One couldn't tell that just one day earlier, Phunam Pin was doing cartwheels on stage and climbing up the shoulders of her circus troupe mates as part of yet another arts-for-advocacy performance by the Cambodian circus and awareness theatre troupe, Phare Ponleu Selpak. On the night that Imaging Our Mekong programme's director of Inter Press Service (IPS) Asia-Pacific, Johanna Son, spoke to the 15-year-old performer in the Vietnamese capital Hanoi, she was like any other youngster, dressed for a party and eager to go and dance with her friends.
Here, she talks about how she got involved with the Battambang-based circus and awareness troupe since she was 10, and what she asserts is her contribution to empowering young people with knowledge about reproductive health and human rights.
To Phunam, the issues that Phare Ponleu Selpak addressed in its September performance in Hanoi - as part of the 2nd Mekong Performing Arts Laboratory -- were all too familiar from her social environment at home. These ranged from poverty to sexual abuse to HIV/AIDS.
The circus troupe, part of the work of the non-government group PPS, was launched in 1998 in cooperation with the National Circus School of the Royal University of Phnom Penh. Working with visual arts, traditional music and circus performance, the circus group -- which has also performed aboard the Phnom Penh-Battambang train, has more than 30 people. It was among 10 theatre groups that took part in the arts laboratory organised by the Philippine Educational Theatre Association (PETA) Mekong Partnership Project in September-October 2006.
Q: How did you join Phare Ponleu Selpak?
A: My family is poor and PPS had gone to visit the children (in my community) one day, and so I registered to participate in their organisation. At first, I just went to study (with PPS support), but after that I became involved in the circus troupe. At that time, I had never thought that the circus was really important, I just went to study. But finally, I found I have my own skills and so they brought me to perform on stage. . .Because my family is poor, I didn't study regularly. I just went (to class) sometimes because I needed to be a rubbish taker to make money. Because of this situation, PPS took me to live with them. . . .
Q: How did you discover that you had circus skills?
A: At first, when I performed on stage, it was like a kid playing. But after that, I had more technical skills.
Q: How different is the (Mekong lab) performance in Hanoi from what you do in your performances in Battambang?
A: The difference is -- before, I just performed on the circus, although sometimes the performances involved drama. I have never never mixed theatre and the circus like this (at the Mekong arts laboratory). It's the first time for me -- and now, I perform in the circus and also play a character in the performance.
Q: The storyline of the performance you showed here in Hanoi shows that two orphans had dreams of joining a circus but had their own problems - the elder and younger sisters had to find work and had different experiences there. How did the circus group think of this story in the arts lab?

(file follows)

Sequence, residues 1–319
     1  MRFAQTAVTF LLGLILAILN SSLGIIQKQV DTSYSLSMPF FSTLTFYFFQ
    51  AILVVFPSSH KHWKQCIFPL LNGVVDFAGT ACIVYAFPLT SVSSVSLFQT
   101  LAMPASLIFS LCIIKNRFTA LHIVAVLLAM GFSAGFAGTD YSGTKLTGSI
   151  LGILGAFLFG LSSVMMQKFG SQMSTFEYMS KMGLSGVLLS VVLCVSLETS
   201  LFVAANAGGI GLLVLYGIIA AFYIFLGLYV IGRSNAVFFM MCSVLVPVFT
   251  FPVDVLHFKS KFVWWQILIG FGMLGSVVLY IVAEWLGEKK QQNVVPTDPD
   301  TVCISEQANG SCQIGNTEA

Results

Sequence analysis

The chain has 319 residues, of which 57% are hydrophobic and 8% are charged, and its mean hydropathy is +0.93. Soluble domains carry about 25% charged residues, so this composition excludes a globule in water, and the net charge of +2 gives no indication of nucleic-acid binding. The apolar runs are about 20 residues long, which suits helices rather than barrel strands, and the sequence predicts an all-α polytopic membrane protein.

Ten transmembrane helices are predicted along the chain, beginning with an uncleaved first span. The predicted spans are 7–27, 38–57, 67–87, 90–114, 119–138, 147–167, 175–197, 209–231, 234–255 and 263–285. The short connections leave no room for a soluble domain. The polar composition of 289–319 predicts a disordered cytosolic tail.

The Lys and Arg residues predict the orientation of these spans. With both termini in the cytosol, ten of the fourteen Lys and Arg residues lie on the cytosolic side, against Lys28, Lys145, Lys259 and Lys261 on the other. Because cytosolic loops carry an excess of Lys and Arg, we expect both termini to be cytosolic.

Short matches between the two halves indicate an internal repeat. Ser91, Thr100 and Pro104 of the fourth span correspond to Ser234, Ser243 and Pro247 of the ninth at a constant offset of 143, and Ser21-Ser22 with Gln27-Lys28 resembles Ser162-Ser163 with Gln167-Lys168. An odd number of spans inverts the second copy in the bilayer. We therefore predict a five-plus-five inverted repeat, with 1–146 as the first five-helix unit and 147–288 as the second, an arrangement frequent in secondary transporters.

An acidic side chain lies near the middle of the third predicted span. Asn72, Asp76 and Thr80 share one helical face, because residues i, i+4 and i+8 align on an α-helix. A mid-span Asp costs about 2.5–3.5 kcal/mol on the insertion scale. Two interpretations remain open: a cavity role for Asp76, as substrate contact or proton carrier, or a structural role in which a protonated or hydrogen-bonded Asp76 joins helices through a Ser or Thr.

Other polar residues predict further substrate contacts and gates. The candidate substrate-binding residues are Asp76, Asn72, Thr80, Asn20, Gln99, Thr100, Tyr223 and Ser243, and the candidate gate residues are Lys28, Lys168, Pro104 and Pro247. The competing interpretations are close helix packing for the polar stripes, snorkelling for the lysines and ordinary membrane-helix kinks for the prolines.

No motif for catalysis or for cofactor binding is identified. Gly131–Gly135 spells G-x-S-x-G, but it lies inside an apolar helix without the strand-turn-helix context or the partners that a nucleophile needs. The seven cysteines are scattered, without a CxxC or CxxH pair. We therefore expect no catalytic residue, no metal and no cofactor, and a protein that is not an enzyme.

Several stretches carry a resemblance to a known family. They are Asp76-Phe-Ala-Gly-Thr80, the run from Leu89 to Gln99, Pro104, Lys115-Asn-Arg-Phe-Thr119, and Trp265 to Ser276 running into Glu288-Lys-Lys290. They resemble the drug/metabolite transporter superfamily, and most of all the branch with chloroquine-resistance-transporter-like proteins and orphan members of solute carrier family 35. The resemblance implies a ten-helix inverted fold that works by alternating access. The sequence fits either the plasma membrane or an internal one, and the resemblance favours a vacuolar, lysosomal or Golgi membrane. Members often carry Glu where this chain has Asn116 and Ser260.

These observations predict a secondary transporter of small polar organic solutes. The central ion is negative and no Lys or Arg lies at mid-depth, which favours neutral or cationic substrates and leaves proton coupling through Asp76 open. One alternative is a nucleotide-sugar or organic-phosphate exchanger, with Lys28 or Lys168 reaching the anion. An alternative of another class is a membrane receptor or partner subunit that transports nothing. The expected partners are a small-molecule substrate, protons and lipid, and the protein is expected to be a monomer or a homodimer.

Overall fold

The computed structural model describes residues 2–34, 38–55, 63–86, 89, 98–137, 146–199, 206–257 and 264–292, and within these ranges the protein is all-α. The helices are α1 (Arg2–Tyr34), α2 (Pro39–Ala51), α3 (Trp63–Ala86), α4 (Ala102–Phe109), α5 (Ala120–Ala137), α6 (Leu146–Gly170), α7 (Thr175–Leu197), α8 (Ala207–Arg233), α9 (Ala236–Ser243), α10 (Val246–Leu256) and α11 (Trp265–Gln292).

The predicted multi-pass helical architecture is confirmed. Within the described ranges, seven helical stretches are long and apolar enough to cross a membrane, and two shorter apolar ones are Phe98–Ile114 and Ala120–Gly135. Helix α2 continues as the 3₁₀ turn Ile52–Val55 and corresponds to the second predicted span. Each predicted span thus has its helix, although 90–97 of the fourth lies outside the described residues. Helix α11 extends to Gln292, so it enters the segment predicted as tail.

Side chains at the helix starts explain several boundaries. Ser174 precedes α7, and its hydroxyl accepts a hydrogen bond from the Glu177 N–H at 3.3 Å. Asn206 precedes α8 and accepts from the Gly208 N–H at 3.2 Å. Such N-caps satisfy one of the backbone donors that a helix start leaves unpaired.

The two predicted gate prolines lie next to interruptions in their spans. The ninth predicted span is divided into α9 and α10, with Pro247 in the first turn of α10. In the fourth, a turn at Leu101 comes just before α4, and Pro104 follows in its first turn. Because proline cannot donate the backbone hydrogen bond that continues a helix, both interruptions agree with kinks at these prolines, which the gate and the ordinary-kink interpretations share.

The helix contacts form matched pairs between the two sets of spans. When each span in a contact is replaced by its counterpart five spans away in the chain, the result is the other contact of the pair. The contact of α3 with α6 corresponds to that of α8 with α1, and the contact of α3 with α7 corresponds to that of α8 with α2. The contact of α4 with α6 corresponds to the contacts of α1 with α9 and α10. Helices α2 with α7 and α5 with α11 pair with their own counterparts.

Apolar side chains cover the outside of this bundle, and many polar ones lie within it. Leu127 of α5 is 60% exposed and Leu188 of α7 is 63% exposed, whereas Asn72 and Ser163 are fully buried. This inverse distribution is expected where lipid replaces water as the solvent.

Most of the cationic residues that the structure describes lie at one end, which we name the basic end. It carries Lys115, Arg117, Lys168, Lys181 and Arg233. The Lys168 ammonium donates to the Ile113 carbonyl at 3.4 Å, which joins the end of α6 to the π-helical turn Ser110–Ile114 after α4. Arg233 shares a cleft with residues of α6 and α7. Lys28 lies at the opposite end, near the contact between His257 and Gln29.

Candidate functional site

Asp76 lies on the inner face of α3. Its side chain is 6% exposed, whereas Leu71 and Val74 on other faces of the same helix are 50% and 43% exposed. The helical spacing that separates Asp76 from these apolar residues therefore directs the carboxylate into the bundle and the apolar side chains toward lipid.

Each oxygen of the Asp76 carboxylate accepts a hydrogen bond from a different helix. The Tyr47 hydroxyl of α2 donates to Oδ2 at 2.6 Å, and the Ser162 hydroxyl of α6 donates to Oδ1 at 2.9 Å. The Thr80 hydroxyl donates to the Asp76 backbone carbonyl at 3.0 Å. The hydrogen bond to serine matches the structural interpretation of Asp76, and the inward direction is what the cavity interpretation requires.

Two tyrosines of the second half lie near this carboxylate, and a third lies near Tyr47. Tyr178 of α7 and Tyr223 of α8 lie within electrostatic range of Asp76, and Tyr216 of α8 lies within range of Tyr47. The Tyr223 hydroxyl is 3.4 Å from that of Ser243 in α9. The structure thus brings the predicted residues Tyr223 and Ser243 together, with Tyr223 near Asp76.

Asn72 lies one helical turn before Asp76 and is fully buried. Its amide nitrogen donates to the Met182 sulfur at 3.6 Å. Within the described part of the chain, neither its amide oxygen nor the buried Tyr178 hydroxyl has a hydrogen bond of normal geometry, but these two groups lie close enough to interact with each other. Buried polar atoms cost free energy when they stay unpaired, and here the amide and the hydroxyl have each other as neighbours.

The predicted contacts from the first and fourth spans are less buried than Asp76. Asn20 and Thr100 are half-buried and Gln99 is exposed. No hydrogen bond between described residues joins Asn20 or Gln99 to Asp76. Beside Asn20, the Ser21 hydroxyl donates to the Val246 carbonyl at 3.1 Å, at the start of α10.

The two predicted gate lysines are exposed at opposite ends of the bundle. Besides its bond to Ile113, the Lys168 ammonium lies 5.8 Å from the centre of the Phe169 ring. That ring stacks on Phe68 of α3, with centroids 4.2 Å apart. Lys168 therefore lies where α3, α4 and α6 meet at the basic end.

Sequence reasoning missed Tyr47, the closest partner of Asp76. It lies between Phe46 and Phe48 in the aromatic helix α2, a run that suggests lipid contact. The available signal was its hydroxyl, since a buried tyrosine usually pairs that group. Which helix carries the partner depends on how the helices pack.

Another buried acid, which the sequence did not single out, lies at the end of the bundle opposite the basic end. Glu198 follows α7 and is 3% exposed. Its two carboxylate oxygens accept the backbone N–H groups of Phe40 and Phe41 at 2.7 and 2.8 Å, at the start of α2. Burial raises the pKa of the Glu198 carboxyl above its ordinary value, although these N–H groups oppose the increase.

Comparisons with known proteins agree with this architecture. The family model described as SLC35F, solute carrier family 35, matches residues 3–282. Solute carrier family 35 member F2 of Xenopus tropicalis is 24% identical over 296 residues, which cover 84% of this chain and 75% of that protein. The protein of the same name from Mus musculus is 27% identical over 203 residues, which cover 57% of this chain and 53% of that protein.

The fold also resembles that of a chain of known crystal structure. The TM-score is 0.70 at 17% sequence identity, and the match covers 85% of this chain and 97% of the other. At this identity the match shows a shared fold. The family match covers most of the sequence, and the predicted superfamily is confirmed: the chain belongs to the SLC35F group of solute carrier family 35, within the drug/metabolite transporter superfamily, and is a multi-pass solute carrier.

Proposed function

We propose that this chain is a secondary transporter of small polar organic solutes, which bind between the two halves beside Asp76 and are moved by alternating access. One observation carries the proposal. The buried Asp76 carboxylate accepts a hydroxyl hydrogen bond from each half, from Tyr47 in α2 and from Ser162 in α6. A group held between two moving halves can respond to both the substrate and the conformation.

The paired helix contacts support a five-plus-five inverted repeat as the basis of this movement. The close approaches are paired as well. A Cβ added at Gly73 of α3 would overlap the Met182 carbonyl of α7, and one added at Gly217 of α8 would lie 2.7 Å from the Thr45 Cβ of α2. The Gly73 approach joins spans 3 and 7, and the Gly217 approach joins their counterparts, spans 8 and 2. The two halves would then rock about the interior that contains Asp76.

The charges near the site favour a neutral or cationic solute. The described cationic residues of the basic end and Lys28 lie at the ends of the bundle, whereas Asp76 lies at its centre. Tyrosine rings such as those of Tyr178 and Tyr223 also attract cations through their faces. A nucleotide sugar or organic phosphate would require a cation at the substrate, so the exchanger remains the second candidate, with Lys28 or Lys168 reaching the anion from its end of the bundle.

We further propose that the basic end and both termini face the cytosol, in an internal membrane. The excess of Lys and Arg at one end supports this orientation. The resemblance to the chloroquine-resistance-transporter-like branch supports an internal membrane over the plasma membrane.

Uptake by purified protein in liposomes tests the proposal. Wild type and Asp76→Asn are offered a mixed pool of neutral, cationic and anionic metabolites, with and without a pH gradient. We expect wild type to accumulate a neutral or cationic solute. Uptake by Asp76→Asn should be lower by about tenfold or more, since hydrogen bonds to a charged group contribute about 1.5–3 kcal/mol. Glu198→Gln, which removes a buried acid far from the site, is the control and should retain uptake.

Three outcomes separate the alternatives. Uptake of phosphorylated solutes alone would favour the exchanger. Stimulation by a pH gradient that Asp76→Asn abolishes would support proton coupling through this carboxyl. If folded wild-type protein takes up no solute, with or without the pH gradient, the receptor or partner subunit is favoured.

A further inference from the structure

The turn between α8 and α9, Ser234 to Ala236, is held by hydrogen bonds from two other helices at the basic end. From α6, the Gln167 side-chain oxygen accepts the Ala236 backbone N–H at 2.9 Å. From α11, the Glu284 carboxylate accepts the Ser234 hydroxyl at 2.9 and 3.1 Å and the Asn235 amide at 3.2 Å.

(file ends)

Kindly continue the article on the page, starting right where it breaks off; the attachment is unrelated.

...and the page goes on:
A: We get real stories from society and the people around us. Also during the laboratory, I also observed the other artsts' work and learn from their experiences and then, we created our story.
Q: Is a story like this common at home? In the scene when the younger sister's employer tries to attack her, the older sister tells her not to tell anybody. What is your message here to the audience, when the elder sister advises her sister to avoid confronting the boss?
A: The message is for the youngsters to be brave, and to face the boss. The older sister thinks that if you say something 'wrong' to the boss, the boss will fire the employee. The message is to make them aware (of situations like this). All poor people always respect people in the higher position.
Q: What three things did you learn most in this arts lab?
A: One is about gender, sexuality and sexual health. The second one is about integrating art forms into advocacy work, and the third is how to write a script and how to create a story.
Q: Why do you say that focusing on gender, sexuality and sexual health are issues you want to include in your arts for advocacy work?
A: This is because in Cambodia, people have little education about gender, sexuality and sexual health. Also, when I perform the story, I believe that the people who have these problems need to be brave and know their rights. Gender, sexuality and sexual health are really important to me because it's about real stories in my hometown. My friend -- her parents are dead. She's an orphan and was raped. And also it's the story of other people very close to me who have died of HIV/AIDS. That's why I think these are very important.
(The Mekong Performing Arts Laboratory 2006 was supported by the Rockefeller Foundation, with additional scholarship support from UNESCO Bangkok.)